Members of the Oxford and South Africa-based campaign group Rhodes Must Fall expressed solidarity this week with students protesting in South Africa against tuition fees.
Rhodes Must Fall commented via Facebook on the “magnificence of the students of South Africa,” expressing their sympathy for the cause. In addition, a solidarity meeting was held outside the South African High Commission in London last Friday.
Student protests took place in South Africa over the last two weeks, slowing down university operations. The protests were sparked by a proposed national 10.5 per cent tuition fee rise. The planned increases have since been scrapped after initially being suspended.
Oxford Law graduate Ntokozo Qwabe stated on Facebook on Sunday that “Education is a right. Rights are entitlements. People are right to feel entitled to education. Full stop.
“So YES. We are entitled to free education. And won’t stop claiming it until it is granted. Rights are not for sale. We refuse to be reduced to customers of our rights. The struggle continues this week.”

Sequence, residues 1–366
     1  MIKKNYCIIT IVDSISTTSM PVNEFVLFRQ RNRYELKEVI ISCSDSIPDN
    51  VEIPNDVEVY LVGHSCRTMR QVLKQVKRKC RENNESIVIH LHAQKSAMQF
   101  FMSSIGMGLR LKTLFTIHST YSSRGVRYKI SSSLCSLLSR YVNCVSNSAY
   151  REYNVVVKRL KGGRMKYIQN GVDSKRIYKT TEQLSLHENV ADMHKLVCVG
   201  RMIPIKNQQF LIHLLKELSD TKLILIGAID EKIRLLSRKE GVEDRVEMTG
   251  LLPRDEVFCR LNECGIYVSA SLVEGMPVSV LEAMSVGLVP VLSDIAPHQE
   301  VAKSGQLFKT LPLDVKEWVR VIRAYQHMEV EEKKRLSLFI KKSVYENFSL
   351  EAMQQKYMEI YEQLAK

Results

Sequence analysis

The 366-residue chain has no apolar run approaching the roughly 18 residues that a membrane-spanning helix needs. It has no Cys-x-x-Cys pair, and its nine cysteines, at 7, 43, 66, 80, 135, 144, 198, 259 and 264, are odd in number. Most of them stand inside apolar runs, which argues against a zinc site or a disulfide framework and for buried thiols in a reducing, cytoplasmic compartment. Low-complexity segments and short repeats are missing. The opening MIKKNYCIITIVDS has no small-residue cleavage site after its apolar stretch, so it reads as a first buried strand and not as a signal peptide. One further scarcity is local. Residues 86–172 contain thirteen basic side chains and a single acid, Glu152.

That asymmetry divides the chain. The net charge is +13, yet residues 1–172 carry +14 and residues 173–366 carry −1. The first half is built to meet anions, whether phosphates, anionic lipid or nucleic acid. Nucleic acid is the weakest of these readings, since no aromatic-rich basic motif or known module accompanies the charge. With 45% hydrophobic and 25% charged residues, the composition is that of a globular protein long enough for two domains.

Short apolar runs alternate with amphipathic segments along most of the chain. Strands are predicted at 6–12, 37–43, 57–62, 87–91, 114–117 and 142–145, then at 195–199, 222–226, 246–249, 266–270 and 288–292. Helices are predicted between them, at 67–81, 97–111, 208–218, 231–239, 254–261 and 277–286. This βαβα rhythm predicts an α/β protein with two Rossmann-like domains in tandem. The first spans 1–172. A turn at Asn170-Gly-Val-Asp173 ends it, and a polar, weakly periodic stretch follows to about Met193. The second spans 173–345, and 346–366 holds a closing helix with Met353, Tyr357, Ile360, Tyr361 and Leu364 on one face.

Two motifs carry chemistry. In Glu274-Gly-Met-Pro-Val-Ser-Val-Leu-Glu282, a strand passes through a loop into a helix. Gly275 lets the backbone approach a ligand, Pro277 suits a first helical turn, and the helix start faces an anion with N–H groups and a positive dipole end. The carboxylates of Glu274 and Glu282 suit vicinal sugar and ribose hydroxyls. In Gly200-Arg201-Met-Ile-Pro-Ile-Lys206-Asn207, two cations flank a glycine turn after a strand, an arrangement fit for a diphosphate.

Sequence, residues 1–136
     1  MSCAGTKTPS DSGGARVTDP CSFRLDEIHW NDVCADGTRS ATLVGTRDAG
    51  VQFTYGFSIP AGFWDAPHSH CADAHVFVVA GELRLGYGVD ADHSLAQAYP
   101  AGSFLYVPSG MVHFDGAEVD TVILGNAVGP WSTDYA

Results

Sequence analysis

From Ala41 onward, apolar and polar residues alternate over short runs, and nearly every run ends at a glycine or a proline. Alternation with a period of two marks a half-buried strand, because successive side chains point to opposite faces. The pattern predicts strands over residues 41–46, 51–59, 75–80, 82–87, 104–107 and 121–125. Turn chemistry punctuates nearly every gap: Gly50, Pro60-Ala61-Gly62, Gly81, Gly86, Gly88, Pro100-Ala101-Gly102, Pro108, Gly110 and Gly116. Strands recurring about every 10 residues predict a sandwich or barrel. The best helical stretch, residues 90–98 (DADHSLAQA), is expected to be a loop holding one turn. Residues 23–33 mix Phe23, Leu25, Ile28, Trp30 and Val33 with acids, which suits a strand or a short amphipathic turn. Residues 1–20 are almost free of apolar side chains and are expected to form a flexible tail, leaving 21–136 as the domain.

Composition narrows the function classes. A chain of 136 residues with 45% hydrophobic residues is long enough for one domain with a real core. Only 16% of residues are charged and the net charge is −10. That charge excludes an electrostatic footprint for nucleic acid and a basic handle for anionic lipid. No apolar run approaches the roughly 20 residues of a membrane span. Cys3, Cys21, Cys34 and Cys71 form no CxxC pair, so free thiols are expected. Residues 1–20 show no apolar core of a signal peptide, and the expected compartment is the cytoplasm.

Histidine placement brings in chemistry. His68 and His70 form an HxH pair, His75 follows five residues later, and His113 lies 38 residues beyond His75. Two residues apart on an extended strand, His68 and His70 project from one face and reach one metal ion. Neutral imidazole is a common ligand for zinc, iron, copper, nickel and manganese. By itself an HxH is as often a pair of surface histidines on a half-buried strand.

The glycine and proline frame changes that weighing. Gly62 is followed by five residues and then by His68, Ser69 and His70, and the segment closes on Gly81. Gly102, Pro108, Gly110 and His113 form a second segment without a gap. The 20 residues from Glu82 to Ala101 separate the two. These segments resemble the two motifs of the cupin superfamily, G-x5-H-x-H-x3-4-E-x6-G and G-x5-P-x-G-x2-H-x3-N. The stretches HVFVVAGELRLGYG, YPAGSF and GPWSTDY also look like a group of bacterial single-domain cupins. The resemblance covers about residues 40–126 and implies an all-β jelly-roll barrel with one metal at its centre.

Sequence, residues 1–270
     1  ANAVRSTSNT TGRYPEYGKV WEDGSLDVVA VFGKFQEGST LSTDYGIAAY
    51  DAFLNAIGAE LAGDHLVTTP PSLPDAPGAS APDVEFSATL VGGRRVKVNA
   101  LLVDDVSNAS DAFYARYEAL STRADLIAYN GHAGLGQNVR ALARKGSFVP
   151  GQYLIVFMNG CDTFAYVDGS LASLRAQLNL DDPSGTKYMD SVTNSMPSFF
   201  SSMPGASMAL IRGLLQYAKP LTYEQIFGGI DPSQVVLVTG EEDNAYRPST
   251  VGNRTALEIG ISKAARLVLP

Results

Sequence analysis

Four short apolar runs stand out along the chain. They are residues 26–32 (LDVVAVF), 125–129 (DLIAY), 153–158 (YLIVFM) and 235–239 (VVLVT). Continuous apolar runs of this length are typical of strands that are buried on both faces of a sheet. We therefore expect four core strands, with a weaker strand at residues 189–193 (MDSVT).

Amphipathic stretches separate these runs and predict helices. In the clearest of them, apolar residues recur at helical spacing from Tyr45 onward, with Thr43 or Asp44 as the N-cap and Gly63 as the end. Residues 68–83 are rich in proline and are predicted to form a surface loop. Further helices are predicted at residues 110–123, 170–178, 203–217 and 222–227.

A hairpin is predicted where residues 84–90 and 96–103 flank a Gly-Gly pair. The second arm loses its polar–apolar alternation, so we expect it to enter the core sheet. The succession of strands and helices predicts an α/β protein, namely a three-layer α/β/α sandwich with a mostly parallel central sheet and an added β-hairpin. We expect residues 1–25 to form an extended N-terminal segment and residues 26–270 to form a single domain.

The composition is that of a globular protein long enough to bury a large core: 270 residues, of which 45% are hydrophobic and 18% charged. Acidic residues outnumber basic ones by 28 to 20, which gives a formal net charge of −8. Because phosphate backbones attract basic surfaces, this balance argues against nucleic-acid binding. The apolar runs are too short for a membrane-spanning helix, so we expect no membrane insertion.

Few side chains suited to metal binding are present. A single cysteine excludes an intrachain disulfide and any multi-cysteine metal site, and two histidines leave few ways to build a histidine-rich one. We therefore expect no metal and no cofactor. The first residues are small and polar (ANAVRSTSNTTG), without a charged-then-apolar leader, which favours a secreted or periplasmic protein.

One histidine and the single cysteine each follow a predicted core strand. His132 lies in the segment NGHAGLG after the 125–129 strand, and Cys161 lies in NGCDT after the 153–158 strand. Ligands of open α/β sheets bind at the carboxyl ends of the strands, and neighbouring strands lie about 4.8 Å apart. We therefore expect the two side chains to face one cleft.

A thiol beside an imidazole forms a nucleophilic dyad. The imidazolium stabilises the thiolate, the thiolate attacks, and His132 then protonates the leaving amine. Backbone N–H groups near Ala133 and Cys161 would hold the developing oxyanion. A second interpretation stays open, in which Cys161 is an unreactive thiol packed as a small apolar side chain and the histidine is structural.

The protests originated in Johannesburg’s University of the Witwatersrand, and rapidly gained momentum. Protesters claim the higher fees would increase the number of young people unable to access further education, dividing the population based on income and along racial lines. In 2012, 53 per cent of academics in the country were white, despite only 8 per cent of the population being so.
Violence characterised the protests, with many universities shut down including the University of Cape Town and tear gas and stun grenades deployed against demonstrators. As of Wednesday 28th October, lectures were resuming in universities across South Africa.